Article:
Requires specific bacterial environment
The aim is to provide a culture medium that is physiologically favorable for bacteria that is empirically useful for many nutritional, metabolic, and physiological purposes and sufficient for its extensive transport. Specifically, an environment with the following characteristics is desired: (1) The concentration of each of the major nutrients in the culture medium (phosphorus, nitrogen, carbon and sulfur) must be independently regulated and must be incorporated into the bacterial protoplasm by Set appropriate values. To facilitate isotopic labeling. (B) The growth rate supported by the environment shall be at least as fast as supported by any known minimum. (Iii) The culture medium for Enterobacteria should support growth to cell density useful for biochemical measurements. (Iv) should be easily manufactured and inexpensive. (v) Must be stable and preferably capable of storing in concentrate. (vi) Must set a repetitive growth rate. (vii) shall permit absorption measurement. (viii) Cell growth should be supported indefinitely and should not depend on the advent of micronutrients, and (ix) the concentration of hydrogen ions should be sufficiently buffered.
MOPS culture medium
The MOPS culture medium described here meets all of these specifications, with a few comments on the individual characteristics of the environment, respectively. The pH buffer system In many ways, the selection of a suitable buffer is a key issue in the formulation of a synthetic material for biochemical studies on bacteria or other microorganisms. The physiologist’s desire to achieve high cell density in the culture medium places a heavy demand on the buffering capacity of the pH environment and requires that the concentration of specific ions, especially Fe2 3+, be soluble in pH. Phosphate salts are a classical selective buffer due to their favorable pK and because of the phosphate ion as a metal chelate a useful metal ion storage tank as well as this enterobacterial culture medium for Enterobacteria provide an adventurous source of the various elements required in trace amounts. he does. Unfortunately, the usefulness of 32p [P04] labeling in molecular biology requires that the phosphate concentration be reduced below a level where a hydrogen ion buffer is effective. It has been a common substitute for Tris, but for many species it is toxic to thevulture medium at high concentrations required for undesirable PK. MOPS is one of a series of organic buffers made by Good et al. For use in biological work because of its useful pK (7.2 at 20 ° C) instead of at the trance site. Promised to be non-toxic and relatively inexpensive. At concentrations where a buffer is satisfactory, it has no detectable effect on growth.
Final formulation of Enterobacteriaceae
The formulation selected for the culture medium (40 mm initial mean pH 7.2 at 37 ° C) supports glucose growth over the entire recommended range of cell density for physiologically sensitive studies (up to A420 2.0) with a drop of only 0.2 pH units. And allows exponential growth of up to A420 from 5.0 with a drop of only 0.5 pH units. Since glucose is the most acidic micronutrient known for the bacterial enzyme in the culture medium, it is satisfactory to have any quality organic compounds in the media. MOPS cannot be used as a source of carbon, nitrogen or sulfur by S. typhimurium. The species of E. coli we tested cannot use MOPS as a carbon or nitrogen source, but in the absence of added sulfate they can use MOPS as a sulfur source. This use is completely suppressed by low levels of free sulfate in the bacterial culture medium for Enterobacteria, so isotopic labeling with 35S [SO, I-2] shows no problem. The only way the MOPS media cannot be used is the restricted growth of E. coli. For this purpose only Tris can be replaced with MOPS provided that the pH is carefully controlled. MOPS is a weak metal monitor and therefore does not have the desirable properties that it is unlikely to introduce foreign metal pollutants into the culture medium. However, it is not useful in maintaining the appropriate concentration of Fe2 + at neutral pH. Tricine (6) causes chelate Fe2 3 3+ and the addition of a small amount of this organic buffer not only provides a satisfactory reservoir of dissolved iron in the normal environment but also allows the manufacture of a 10-fold thicker material for use Provides comfortable.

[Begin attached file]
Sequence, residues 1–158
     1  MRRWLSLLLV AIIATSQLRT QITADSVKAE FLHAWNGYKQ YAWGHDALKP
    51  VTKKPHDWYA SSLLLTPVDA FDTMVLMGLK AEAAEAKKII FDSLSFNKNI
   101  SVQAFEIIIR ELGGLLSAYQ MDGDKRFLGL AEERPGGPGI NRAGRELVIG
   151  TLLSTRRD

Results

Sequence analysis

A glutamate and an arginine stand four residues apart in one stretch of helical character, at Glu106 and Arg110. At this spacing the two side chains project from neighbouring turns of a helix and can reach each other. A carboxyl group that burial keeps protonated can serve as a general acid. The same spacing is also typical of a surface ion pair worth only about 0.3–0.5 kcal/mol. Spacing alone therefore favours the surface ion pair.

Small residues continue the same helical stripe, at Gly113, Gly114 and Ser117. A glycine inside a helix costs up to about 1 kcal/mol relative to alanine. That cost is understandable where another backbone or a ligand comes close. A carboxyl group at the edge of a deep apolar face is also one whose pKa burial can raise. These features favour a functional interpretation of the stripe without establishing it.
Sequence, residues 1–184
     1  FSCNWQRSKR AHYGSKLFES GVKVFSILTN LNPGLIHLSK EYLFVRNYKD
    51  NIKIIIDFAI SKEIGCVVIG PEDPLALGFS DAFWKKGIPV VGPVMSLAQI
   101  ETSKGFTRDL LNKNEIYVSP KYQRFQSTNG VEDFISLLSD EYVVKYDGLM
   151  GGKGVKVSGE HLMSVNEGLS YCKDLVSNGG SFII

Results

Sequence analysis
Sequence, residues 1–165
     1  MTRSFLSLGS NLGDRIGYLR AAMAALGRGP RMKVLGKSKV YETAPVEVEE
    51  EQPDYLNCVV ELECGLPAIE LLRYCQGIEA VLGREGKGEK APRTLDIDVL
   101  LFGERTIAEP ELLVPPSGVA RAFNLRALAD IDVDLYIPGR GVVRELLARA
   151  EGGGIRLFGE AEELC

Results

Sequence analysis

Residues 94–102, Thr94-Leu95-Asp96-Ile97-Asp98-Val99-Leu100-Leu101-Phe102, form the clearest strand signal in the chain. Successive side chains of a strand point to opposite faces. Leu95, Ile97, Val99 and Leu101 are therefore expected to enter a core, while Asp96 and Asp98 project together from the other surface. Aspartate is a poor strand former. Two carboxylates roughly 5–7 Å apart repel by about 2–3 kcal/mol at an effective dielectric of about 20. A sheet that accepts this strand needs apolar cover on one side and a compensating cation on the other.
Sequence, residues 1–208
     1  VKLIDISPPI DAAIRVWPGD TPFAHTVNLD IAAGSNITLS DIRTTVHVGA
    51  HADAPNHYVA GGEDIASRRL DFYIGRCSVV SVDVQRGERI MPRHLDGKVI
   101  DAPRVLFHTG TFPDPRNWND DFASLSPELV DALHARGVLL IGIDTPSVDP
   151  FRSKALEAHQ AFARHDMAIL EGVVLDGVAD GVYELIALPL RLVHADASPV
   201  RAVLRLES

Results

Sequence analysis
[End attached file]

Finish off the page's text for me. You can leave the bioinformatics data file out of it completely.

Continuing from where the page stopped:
Storage: Carbon and energy source
The use of glucose as a culture medium for the growth of Enterobacteriaceae is so widespread that despite its many unusual metabolic characteristics, aerobic fermentation was selected as a standard carbon and energy source, and the MOPS environment was greatly developed. We identified two concentrations. It is theoretically capable of supporting growth at a cell density of 1.5 mg (dry weight) per ml, which is five times higher than the maximum (Al20 = 2.0 ؛ ۰٫۲۸۶ mg [dry weight] / ml) for physiological studies. Recommended. This level is for saturation growth rate. The lower level was selected to provide overnight culture medium. Supports exponential growth up to 1.05 optical density (0.15 mg / cell). Prior to the measurement of cells from these glucocellulose cultures, inoculation is appropriate for most experiments, until a suitable growth period is allowed (preferably three generations). On the other hand, in many cases it is preferable to inoculate light culture medium with cells that are currently in growth. The size of the inoculum can be adjusted to suit the density at a specified time the next day.
Nutrients in the culture of Enterobacteriaceae
Phosphate and sulfate nutrients were adjusted in the new culture medium for, such as glucose, in amounts equivalent to a cellular product of 1.50 mg (dry weight) per ml (A520 = 10.5) calculated from feeding studies with S. typhimurium NT1. For all practical purposes, these concentrations are saturated with the growth rate. Sulfate levels are also sufficient to suppress the destruction of MOPS by E. coli. The magnesium level in the culture medium had to be adjusted to three times higher concentration because it was not sufficiently known that the level equivalent to a cell product of 1.50 mg / ml was saturated in terms of growth rate. However, it has been specified for S. typhimurium. The levels of these components may be balanced for all practical purposes for E. coli. Specific salts used (K2HPO, K2SO, and MgCl2) were selected because of their availability of potassium or chloride as a counterpart and the relatively desirable properties of these media in terms of stability, solubility, fineness and presence of contaminants.